Pop culture obsessives writing for the pop culture obsessed.
Pop culture obsessives writing for the pop culture obsessed.

Glee creator Ryan Murphy: "Fuck you, Kings Of Leon"

Illustration for article titled Glee creator Ryan Murphy: "Fuck you, Kings Of Leon"

This Thursday’s print edition of The Hollywood Reporter features a cover story on “The Business Of Glee,” and while one would assume that the Fox show is simply staged out of community spirit by a group of mismatched actor and filmmaker friends who have come to strangely rely on each other, no, as it turns out it really is a business. Case in point: The show’s often-contentious dealings with the musicians who provide the songs that it will then make 1000 times more successful—a proven formula that some have nevertheless resisted, such as Eminem, whose “Lose Yourself” was pursued and then abandoned because it was, in creator Ryan Murphy’s words, “jaw-droppingly expensive” at around $200,000. Well, no record sales for Eminem, then!


However, even worse are the artists who flat-out refuse to be part of the show, and it’s for these vocal holdouts that Murphy reserves his harshest words. Take Kings Of Leon, who famously turned down the offer and then gloated about it in the press, and whom Murphy addresses here:

“Fuck you, Kings of Leon,” he says, raising the volume of his monotonal interview voice ever so lightly. “They’re self-centered assholes, and they missed the big picture. They missed that a 7-year-old kid can see someone close to their age singing a Kings Of Leon song, which will maybe make them want to join a glee club or pick up a musical instrument. It’s like, OK, hate on arts education. You can make fun of Glee all you want, but at its heart, what we really do is turn kids on to music.”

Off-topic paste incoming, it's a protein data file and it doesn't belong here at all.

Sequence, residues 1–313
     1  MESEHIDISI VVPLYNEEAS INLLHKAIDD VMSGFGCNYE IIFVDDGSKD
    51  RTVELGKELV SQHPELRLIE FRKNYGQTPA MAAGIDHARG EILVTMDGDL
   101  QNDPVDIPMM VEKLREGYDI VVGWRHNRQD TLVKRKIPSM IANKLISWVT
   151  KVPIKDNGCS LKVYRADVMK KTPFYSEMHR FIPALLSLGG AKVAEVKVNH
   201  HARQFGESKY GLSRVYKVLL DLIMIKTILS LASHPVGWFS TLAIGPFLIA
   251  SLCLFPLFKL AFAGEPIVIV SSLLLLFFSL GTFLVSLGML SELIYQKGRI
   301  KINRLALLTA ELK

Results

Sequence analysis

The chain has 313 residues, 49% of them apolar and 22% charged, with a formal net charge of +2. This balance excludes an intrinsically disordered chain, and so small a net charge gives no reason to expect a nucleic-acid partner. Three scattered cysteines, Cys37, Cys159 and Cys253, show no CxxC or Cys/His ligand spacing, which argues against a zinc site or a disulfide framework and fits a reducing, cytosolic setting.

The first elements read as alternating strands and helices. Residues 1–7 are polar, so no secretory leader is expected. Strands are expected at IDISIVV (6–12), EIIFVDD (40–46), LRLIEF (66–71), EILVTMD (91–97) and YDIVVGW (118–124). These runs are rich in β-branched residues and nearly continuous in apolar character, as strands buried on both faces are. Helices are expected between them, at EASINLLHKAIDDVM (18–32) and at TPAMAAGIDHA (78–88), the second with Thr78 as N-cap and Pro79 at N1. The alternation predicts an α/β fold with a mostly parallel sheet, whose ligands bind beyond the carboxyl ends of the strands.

Yeah, it’s like, consign a kid to lifetime of colorless monotony because of your “principles,” Kings Of Leon. For what it’s worth, KOL frontman Caleb Followill responds (too little, too late), “This whole Glee thing is a shock to us. It’s gotten out of hand. At the time of the request, we hadn’t even seen the show. It came at the end of that record cycle, and we were over promoting [“Use Somebody”]. This was never meant as a slap in the face to Glee or to music education or to fans of the show. We’re not sure where the anger is coming from.”

Oh, you’re not? Well, Kings Of Leon, perhaps it’s coming from Murphy’s exhaustion at being bullied—bullied at the hands of stuck-up, stupid rock stars like you and Slash:

Another rock star on Murphy’s black list? Former Guns N’ Roses guitarist Slash, who recently revealed that he draws the licensing line at Glee. “Glee is worse than Grease, and Grease is bad enough,” he said in an interview. Murphy’s response: “Usually I find that people who make those comments, their careers are over; they’re uneducated and quite stupid.”

So take that, Slash! There you sit, stewing in stupidity and bitterness, without even the comfort of a proper education to distract you from the fact that your heyday is long behind you. Now you’ll never know the joy of working with Murphy on Glee—not like upcoming, still-vital guest stars such as Stevie Nicks and Jennifer Lopez, both of whom were smart enough to get in the Glee business while they could. Let this be a lesson to the rest of you musicians out there.